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Learning to Scuba Dive

I’ve been a diver for over 15 years and have 1000’s of dives under my belt but I still clearly remember the day I first breathed underwater and how it felt. I was in Koh Tao, Thailand and my friend and I were on our Summer break from University. We had decided before we left England that it was something we wanted to try because it was an adventure to be had and seemed a great way to get to see more of Thailand (underwater as well as on land!) and to explore exotic coral reefs. We visited the dive shop we had been recommended by a friend and our Instructor was a friendly Swedish guy, we got set up with accommodation and were given our books to start reading for the next day. As we learned a little more about the theory realization set in and we wondered what we may have let ourselves in for! Our pool sessions were done off of the beach in front of the dive shop and it was a great way to distract us from any nerves when we could see some little fish swimming by! By the end of the first day I already felt comfortable in the water, so much so that at the end of the course I signed straight up for my Advanced Course – I was sold on it by the opportunity to see sharks during the deep dive! For me the love of marine life was natural – I had always loved land animals so the marine creatures did not fill me with fear – only wonder. They still do. That is why I dive – to feel wonder and to be able to share this with others.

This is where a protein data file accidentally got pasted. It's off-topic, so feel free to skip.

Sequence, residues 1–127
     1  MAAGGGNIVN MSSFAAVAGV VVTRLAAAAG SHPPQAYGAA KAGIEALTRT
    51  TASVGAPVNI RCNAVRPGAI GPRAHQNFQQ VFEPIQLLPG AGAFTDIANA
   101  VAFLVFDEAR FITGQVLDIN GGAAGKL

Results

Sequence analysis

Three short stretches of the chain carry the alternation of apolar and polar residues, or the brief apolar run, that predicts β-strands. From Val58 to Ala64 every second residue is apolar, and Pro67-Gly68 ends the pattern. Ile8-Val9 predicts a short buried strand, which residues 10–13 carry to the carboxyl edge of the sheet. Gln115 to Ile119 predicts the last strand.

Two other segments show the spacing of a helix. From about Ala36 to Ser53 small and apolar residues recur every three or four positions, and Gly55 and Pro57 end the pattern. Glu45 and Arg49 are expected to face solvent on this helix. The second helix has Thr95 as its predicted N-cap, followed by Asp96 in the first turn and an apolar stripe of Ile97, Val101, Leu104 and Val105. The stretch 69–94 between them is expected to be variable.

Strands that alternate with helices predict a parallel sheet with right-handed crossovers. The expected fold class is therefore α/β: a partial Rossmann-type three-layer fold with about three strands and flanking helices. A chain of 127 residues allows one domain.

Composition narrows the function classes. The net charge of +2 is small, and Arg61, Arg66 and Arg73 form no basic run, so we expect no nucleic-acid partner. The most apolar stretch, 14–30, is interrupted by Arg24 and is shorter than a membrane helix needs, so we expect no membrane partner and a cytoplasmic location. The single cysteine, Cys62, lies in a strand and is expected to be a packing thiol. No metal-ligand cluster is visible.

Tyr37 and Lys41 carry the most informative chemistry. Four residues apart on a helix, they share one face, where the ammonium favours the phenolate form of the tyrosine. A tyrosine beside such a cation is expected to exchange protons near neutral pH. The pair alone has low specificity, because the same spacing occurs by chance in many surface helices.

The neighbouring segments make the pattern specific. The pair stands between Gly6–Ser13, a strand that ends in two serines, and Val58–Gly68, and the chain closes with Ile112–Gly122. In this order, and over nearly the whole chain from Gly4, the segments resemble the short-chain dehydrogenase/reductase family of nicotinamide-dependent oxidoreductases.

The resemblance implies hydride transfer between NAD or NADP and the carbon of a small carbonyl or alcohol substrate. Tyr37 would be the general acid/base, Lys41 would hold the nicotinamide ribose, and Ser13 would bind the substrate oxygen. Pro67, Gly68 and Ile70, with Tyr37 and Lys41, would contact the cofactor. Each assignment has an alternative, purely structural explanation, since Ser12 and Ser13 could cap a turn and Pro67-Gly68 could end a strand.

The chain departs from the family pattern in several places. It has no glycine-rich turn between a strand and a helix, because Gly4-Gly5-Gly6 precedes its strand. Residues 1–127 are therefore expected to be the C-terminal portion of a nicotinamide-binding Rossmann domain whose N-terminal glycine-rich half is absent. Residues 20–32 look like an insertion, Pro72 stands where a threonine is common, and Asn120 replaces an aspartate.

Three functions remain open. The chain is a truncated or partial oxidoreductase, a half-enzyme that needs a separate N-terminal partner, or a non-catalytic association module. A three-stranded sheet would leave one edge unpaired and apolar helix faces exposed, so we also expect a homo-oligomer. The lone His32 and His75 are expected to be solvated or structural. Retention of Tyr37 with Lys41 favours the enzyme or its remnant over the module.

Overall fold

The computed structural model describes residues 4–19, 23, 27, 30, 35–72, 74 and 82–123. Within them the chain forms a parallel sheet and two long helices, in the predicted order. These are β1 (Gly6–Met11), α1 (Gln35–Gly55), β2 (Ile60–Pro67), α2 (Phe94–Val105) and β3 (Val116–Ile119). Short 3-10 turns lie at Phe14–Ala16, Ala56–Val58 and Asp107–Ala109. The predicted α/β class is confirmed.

70% of our planet is composed of water and we know more about the surface of the moon than we do about the deep ocean; for those of you who seek to explore something different and venture into the unknown then Scuba Diving is a sport that can take you there. However not all courses are equal – I’m not talking about the different agencies, I’m talking about Instructors. There are many different agencies with whom you can take your entry level open water course and they all offer something very similar – you will find people talking about advantages of one agency over another but in my experience the agency (at least for Open Water courses) is not as important as the person giving the course. I teach with PADI and have always been happy with the quality of service that is offered to me as a professional and what they do for recreational divers.  Different instruction styles suit different people and different personalities mesh well but what you really want is someone who will teach you mastery of skills and buoyancy and will ensure that you are comfortable, safe and competent diver before they sign you off with your certification. Unfortunately businesses are under competition to make courses cheaper to compete with other adventure sports and this can sometimes lead to a reduction in quality or to busy classes where you don’t get any individual attention.  With El Duque Adventures, when I teach I like to make sure that the classes are personalized to you and your best learning method.  I make my courses affordable but price is not the bottom line, being an owner of the business I ensure that I teach to a standard I am happy with and not one that will just complete the course to the bare minimum in the shortest time.  I work with small classes and often private tuition. This allows me to focus on you as a diver and what you do and don’t understand or need to spend extra time on. It also gives us a chance to get to know each other and become comfortable enough to (hopefully!) ask any questions you have.